Drills and Emergencies
In the Navy you have been taught that training pays
off. The more you train, the better you perform. The
same is true with drills. Drills are held for only one
reason and that is to be prepared in a real situation.
Proper damage control training has made the
difference between winning and losing battles on
As a petty officer you will be assigned greater
responsibility within the damage control (DC)
organization. You may be assigned duties as a division
damage control petty officer (DCPO), which is covered
in chapter 6, or in any other position in DC. You may be
called on to assist in training assigned personnel. As a
trainer, you must ensure that your trainees are capable
and ready to respond should damage occur. All damage
control personnel must know how to apply the correct
principles and use the materials available in the most
effective way possible. That knowledge can be gained
only through education, training, and actual practice.
Injury or incapacity of one individual should not
significantly reduce the effectiveness of any damage
control function. For example, repair party personnel
must be jacks-of-all-trades. They should be able to
do each others jobs, and this can be done only by cross
training in each others skills. In an emergency,
widespread capability may be needed to save a ship.
As mentioned earlier, your duties as the POOW are
many and varied. One of your most important jobs is
safety. Safety is not yours alone, but a responsibility of
all hands. The greatest killer of our people is a disregard
for safety when doing a task. As you perform your
duties, you should watch for violations of safety rules.
When you notice a safety violation being committed,
you should remain calm and explain to the violator what
is being done wrong and how to correct the situation.
Next you want to discuss the matter with the supervisor
of the working party. It is that persons responsibility to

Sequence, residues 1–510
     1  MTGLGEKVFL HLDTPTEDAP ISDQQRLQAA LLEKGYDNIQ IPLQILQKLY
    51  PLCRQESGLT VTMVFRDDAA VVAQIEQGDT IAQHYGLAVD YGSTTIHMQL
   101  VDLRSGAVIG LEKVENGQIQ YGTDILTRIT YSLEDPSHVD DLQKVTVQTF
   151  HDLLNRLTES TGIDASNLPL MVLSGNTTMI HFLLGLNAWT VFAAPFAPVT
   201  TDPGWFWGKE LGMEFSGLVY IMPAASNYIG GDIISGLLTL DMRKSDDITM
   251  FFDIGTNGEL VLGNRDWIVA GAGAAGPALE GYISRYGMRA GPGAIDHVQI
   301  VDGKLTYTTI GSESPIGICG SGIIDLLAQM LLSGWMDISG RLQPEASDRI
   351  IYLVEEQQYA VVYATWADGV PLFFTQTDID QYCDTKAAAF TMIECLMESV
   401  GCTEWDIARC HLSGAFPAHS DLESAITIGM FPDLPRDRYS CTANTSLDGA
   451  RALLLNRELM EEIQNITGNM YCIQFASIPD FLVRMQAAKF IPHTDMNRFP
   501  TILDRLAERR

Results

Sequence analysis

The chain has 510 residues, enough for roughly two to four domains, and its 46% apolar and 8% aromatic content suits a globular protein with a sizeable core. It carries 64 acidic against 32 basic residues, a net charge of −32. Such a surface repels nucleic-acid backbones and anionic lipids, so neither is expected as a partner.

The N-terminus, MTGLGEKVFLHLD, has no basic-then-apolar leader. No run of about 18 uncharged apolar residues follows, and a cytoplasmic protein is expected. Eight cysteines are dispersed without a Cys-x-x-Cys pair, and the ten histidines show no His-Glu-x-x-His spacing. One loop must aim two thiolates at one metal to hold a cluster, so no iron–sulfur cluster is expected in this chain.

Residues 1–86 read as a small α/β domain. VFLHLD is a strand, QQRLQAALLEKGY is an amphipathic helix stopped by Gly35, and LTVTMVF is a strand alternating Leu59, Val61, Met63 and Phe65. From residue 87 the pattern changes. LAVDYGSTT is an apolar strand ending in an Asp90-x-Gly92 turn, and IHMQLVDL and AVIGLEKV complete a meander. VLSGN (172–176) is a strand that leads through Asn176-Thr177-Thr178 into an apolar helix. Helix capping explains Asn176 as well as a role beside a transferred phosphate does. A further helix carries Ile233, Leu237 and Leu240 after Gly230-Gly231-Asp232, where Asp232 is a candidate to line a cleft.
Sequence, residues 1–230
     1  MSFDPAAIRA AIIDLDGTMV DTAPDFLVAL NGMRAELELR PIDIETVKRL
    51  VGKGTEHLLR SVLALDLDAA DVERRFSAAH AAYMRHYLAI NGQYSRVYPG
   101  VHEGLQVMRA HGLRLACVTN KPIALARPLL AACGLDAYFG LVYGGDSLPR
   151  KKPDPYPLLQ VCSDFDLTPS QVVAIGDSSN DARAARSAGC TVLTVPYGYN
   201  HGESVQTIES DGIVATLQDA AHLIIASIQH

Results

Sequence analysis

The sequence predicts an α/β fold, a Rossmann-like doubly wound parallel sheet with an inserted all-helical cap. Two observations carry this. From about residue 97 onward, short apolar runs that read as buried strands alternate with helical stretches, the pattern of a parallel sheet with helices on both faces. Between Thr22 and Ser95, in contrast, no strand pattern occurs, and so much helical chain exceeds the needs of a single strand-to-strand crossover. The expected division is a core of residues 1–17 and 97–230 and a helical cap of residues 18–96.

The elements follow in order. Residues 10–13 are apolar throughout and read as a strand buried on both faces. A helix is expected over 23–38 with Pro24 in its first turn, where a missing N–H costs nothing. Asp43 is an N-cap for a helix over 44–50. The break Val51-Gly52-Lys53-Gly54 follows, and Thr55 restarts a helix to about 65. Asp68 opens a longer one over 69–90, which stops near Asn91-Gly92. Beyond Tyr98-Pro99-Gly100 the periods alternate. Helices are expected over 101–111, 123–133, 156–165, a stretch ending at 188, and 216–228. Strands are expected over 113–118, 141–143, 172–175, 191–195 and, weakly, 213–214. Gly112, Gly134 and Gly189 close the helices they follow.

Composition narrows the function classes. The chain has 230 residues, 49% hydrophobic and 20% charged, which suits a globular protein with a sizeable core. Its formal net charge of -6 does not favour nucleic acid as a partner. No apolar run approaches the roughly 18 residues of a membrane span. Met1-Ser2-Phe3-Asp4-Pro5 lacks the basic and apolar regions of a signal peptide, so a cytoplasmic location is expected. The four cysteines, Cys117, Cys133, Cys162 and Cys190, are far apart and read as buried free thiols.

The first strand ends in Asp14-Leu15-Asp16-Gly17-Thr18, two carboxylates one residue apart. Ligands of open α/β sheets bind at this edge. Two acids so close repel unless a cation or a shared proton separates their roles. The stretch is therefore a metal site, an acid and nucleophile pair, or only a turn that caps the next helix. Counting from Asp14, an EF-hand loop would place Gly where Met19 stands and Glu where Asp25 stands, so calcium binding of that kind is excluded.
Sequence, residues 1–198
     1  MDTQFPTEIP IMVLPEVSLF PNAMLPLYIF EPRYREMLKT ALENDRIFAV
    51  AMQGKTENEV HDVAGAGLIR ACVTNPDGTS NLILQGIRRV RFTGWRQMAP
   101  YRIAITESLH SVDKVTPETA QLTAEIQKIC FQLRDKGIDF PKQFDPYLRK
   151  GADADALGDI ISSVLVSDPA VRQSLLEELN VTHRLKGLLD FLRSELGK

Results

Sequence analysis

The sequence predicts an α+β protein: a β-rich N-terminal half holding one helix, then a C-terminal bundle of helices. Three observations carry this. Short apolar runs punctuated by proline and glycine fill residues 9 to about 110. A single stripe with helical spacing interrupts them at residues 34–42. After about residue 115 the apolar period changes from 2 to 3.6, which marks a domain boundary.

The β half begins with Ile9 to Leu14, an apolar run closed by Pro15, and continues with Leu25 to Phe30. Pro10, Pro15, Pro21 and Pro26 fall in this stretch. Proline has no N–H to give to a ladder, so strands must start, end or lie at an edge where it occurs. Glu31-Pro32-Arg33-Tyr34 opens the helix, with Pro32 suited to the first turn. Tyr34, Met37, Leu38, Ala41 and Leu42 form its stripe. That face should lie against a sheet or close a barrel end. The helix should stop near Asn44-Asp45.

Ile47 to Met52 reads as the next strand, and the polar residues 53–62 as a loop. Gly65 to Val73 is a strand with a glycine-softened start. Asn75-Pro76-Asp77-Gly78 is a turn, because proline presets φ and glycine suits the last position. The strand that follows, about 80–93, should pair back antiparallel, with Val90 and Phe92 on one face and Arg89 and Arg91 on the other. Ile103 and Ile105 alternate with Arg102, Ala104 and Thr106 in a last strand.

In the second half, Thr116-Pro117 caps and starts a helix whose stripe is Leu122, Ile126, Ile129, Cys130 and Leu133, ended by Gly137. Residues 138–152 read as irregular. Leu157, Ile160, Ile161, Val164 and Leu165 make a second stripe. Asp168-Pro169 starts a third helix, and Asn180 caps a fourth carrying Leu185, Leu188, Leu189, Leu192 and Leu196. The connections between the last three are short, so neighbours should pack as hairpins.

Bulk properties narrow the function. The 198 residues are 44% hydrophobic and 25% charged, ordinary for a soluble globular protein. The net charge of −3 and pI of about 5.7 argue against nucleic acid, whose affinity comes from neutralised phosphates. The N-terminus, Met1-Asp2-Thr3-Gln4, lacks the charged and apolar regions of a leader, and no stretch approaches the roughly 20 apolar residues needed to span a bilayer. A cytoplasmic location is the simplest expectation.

ensure that all safety standards are being adhered to on
the job, no matter how large or small the job may be.
Every ship in the Navy has certain safety devices to
protect you and your shipmates. Two examples are the
small grounding strap on a piece of electrical
equipment on the quarterdeck and the lifelines that
surround the main deck area.
While on watch if you notice frayed wires on
equipment, painted grounding straps on gear, or any
other unsafe area, notify someone immediately so that
the situation can be corrected and the hazard removed.
Even routine jobs, such as loading stores with a
crane, require a great deal of attention to safety. The
stores loading party on the main deck, as well as the
party on the pier, must wear safety helmets at all times.
Another area subject to high risk is the eyes. If you
see Sailors scaling paint without eye protection, stop
and have them put on safety glasses or a face shield. It
is for their own protection. As was mentioned earlier,
safety is an all hands responsibility. Be safety minded
at all times. If you see a problem, correct it
immediately before it is too late.
Honors and Ceremonies
The U.S. Navy is rich in tradition and pride. While
standing the POOW, you are a part of that tradition.
This section will help you to better understand the
many honors and ceremonies in which you will be
involved. You will need to know about various flags,
pennants, and side honors.
FLAGS AND PENNANTS.While on watch as
POOW, you should be alert for the display of
significant flags and pennants from other ships and
In the case of a bomb threat what is the key
to disarming the situation and avoiding
When the pistol has a lanyard attached, what
must be done during exchange of the pistol to
the next watch stander?
Keep the lanyard around your neck until
your relief has positive control of the pistol
Keep the lanyard at your side so it wont
get in the way
Keep the lanyard in your hand that doesnt
hold the pistol
Detach the lanyard from the weapon
during the exchange